I’ve been going back and forth in my head about whether or not to send our two-year-old daughter, Cali, to preschool.
I’m not yet convinced it’s the right step for her at this point in time. As a trained teacher, I know that socialization is a key developmental stage for toddlers, but as a parent, I see my child on a daily basis and wonder if she’s ready for this big change.
Cali has had many changes in her life of late—a new country, a new house, a baby sister, potty training, and now her dad is going back to work after six months of paternity leave.
Add to the confusion, I started reading up on the education system in Finland; a very different and forward-thinking approach to how we do things in North America (if interested, go to the following link to read a thorough piece about how the Finns are doing things: Why Are Finland’s Schools Successful?)
I sometimes feel like it’s too easy to fall into the predictable stages of life; or those stages as prescribed by our society. As an educator, I see the benefits of a classroom setting; but as a parent, I’m not sure that a classroom per se is necessary for a two-year-old. We have play dates, dance class and park time on a regular basis, yet oftentimes I think that my daughter could really blossom in the preschool environment. She is shy in large groups of people and takes time to warm up.
Some of the doubt surrounding preschool centers on my limited experience with the other parents—exhausting to say the least. Since when did childhood become a competition? “Your child is so shy—do you think she’s ready?” Or another favourite: “My child is so independent—yours seems really attached to you.” Does it ever end? I’ve seen these parents before—but always from the opposite side of the table, as a teacher, in parent-teacher conferences. And like during my teaching years, I downplayed the competitive conversation that sometimes sneaked its way into what appeared to be an innocent chat about children.
I admire and trust the teachers and principal at the preschool. We’ve visited several times, and I see how much they care for each and every child enrolled in the program. The staff there are personable and approachable; they are understanding of our daughter’s shyness and want nothing more than to make her first “school” experience a positive one.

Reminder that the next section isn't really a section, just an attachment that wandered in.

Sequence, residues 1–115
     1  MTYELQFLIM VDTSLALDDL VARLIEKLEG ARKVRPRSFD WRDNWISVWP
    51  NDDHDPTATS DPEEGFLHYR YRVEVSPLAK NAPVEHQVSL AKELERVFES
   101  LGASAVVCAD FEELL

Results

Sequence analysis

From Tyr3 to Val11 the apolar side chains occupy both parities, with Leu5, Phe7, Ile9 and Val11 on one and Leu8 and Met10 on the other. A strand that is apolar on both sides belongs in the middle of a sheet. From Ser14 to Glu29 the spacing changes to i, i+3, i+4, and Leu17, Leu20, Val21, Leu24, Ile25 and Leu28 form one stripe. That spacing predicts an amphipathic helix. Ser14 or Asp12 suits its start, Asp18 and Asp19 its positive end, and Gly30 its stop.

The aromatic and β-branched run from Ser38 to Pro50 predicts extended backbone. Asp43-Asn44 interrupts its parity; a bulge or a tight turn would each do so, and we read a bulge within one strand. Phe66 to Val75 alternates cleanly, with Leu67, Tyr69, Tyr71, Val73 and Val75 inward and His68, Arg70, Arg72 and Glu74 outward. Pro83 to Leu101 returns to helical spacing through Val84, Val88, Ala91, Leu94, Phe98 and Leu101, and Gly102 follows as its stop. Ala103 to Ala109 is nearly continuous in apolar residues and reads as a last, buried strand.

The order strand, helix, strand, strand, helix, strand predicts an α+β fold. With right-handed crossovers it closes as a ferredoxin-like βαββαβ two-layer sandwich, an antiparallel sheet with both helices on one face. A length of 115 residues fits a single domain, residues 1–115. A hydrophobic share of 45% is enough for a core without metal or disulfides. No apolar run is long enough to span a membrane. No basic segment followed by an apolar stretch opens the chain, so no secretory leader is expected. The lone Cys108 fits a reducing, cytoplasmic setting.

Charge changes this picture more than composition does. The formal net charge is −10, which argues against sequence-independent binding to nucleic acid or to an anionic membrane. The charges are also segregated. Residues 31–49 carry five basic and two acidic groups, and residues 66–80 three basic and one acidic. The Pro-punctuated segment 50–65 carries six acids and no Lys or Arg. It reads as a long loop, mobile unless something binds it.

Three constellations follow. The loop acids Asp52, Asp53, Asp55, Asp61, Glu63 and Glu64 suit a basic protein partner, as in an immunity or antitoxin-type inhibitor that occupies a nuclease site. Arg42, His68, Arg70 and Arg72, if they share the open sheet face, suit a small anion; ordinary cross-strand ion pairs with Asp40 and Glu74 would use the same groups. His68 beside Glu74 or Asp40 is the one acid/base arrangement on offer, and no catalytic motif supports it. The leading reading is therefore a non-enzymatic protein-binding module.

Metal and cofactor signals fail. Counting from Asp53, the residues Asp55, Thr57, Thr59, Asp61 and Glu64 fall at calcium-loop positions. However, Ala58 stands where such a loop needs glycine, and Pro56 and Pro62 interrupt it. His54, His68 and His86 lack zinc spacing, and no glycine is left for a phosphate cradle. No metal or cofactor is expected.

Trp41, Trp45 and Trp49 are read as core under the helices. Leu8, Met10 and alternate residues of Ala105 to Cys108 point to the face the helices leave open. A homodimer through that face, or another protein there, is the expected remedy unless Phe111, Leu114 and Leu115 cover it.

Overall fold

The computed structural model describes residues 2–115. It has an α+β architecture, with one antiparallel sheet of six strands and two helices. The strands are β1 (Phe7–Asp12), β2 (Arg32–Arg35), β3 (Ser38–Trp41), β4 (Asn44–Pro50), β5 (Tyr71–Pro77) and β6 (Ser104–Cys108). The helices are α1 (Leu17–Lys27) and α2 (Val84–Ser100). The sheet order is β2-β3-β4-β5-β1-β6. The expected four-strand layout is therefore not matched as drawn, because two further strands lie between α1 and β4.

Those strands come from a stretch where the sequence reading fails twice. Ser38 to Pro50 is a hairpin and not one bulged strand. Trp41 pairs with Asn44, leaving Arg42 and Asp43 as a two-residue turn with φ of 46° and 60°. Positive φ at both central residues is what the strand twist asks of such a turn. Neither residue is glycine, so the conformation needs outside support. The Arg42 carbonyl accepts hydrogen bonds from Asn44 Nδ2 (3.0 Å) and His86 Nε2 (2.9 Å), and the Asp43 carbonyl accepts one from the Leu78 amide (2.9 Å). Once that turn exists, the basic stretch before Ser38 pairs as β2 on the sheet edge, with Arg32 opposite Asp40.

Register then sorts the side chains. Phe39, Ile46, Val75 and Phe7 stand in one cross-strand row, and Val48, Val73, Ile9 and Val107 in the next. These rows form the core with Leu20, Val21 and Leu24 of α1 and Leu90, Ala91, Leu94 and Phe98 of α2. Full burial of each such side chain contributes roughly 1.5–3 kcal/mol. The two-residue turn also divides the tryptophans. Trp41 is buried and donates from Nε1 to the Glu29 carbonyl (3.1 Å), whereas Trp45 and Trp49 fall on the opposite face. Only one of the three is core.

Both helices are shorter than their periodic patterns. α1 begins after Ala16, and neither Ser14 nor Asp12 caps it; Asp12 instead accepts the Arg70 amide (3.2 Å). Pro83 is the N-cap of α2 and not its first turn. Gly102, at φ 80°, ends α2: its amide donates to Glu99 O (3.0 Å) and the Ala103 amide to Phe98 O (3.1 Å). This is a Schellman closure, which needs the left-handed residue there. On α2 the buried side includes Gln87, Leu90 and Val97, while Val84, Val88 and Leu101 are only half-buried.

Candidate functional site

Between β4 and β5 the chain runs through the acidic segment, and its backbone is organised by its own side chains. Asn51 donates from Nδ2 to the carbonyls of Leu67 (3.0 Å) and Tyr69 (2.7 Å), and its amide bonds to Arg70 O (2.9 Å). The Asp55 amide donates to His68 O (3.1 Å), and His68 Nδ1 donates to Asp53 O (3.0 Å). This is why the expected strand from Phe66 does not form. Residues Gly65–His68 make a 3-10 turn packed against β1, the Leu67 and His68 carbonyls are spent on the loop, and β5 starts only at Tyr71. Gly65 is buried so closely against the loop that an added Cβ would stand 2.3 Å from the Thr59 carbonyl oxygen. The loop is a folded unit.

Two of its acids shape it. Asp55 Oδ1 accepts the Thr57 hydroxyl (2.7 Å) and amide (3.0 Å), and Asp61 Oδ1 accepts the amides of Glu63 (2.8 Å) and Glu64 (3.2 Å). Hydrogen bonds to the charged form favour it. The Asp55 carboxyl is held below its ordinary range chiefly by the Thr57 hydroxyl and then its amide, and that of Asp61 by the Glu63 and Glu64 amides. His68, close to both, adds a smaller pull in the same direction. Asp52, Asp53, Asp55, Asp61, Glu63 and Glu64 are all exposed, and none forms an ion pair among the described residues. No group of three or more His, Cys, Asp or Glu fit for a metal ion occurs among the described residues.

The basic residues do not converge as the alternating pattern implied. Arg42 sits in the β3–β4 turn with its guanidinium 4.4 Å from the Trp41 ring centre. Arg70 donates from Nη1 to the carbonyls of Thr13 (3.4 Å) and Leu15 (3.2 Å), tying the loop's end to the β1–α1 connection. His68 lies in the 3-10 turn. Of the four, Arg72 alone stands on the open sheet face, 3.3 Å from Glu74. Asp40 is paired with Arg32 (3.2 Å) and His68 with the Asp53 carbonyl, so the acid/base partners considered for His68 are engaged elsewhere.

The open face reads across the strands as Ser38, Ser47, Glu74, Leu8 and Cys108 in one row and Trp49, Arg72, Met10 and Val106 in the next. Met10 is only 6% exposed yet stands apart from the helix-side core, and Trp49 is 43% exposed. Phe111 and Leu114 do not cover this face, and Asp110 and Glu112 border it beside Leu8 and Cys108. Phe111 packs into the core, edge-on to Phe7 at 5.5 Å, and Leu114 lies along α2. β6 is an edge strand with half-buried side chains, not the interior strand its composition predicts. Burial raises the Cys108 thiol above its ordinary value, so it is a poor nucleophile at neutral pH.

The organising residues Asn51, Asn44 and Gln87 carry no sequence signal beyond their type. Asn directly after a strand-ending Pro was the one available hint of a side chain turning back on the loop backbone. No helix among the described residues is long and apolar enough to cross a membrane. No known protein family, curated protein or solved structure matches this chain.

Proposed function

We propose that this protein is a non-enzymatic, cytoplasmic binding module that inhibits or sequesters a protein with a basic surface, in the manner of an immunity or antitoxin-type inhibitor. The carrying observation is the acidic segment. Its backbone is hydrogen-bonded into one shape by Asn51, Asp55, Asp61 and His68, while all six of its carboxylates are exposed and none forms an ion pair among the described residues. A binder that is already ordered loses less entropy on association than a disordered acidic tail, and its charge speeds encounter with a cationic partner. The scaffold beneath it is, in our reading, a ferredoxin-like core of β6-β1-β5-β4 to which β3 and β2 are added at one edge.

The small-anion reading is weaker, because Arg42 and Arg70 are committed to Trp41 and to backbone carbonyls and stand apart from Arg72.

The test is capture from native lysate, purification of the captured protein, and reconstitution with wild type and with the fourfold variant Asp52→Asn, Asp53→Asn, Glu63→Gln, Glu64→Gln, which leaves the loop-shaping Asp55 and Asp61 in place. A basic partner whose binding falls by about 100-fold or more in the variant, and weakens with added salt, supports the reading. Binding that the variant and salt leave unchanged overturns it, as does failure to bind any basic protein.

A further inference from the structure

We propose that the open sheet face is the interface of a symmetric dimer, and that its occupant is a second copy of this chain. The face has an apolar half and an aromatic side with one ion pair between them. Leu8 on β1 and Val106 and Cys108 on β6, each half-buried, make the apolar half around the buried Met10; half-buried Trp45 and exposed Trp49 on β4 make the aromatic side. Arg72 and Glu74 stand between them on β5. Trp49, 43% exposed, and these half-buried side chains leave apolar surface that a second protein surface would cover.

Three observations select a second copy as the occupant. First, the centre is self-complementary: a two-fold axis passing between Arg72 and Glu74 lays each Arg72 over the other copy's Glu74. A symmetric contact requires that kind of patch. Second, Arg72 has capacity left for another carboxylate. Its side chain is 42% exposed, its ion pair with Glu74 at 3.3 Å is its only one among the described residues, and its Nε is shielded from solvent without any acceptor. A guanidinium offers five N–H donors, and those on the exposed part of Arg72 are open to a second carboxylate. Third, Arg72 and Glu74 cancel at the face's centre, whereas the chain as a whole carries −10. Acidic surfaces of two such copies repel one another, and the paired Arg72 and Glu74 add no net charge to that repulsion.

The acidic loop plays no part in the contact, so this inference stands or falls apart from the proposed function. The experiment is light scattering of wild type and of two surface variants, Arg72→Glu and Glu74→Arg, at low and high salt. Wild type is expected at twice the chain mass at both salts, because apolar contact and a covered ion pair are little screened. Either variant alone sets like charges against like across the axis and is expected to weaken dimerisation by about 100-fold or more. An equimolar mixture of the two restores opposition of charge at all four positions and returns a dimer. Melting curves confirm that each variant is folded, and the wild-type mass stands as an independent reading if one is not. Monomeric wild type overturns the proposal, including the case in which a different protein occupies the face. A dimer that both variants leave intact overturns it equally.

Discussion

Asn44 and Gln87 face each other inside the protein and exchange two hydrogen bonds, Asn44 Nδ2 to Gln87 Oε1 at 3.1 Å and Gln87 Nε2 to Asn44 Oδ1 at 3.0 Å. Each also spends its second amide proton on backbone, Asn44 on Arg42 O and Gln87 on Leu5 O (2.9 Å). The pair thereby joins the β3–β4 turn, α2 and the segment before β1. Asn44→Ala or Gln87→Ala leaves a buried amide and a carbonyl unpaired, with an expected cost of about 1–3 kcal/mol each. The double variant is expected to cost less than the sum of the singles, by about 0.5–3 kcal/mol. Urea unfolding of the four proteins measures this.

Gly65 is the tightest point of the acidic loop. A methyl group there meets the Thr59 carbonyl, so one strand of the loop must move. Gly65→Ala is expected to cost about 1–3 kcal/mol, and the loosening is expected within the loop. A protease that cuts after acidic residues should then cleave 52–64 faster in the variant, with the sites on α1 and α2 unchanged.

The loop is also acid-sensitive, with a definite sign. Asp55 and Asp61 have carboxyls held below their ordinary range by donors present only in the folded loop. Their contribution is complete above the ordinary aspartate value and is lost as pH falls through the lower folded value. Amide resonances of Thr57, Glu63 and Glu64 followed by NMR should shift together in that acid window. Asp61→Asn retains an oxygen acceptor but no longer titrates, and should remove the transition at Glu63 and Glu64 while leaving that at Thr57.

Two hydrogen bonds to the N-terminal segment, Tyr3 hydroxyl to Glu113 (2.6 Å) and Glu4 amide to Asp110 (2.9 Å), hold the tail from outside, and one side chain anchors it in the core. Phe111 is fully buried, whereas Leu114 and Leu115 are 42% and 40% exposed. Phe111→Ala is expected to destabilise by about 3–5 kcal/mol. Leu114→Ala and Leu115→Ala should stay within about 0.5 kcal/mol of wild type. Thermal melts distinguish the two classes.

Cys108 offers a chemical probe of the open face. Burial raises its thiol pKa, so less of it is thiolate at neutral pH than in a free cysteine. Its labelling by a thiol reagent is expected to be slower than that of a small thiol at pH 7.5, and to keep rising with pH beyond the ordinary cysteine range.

I’ve never been so nervous for anything in my life. A move to Japan where I didn’t speak the language; a career change at 37; childbirth (twice!) These all pale in comparison to the jitters I have about Cali going to preschool. I want everything in her life to be positive; but this is not realistic, nor is it a healthy approach to raising a child. We learn from the challenges presented before us on this journey called life.
Before we had Cali and Elle, my husband and I together decided that I would stay home with our children until they were in school full time. Every family decides what is best for them, and I wholeheartedly support my friends who have returned to work—be it out of need or by choice. For us, it was a simple and quick decision for me to stay home. Raised by a hard-working, single mother, I have foggy memories of being shuffled from one care provider to the next, never really feeling settled. I feel no resentment, however, my experience cemented for me the fact that I would not repeat this pattern for my own children. We have learned to survive on one income, as oftentimes I’m unemployed when we move to a new country every few years for my husbands’ work. It’s not easy, but it’s doable.
Also, I enjoy being home with our girls. My life revolves around snack time, naps, nursing and laundry, and most days, I enjoy this routine, finding true pleasure in reading Stella for the fourth time in a row or walking with my girls down the tree-lined back lanes in our neighbourhood. Trust me, I need a break and a stiff vodka-lime at least once a week. Anyone who says they don’t—they’re lying. Raising kids is hard work.
It’s now nearing the end of August, and the preschool puzzle was solved, after a late-night conversation with my husband and his mother. After admitting that I needed to hang up my own hang-ups, my mother-in-law, a seemingly tough German with a sweet center asked me straight up, “What does your gut tell you? As Cali’s mother?” I didn’t miss a beat and responded with, “Enjoy having her home for one more year.”
Dear readers—please share with me—what has been your personal experience with preschool?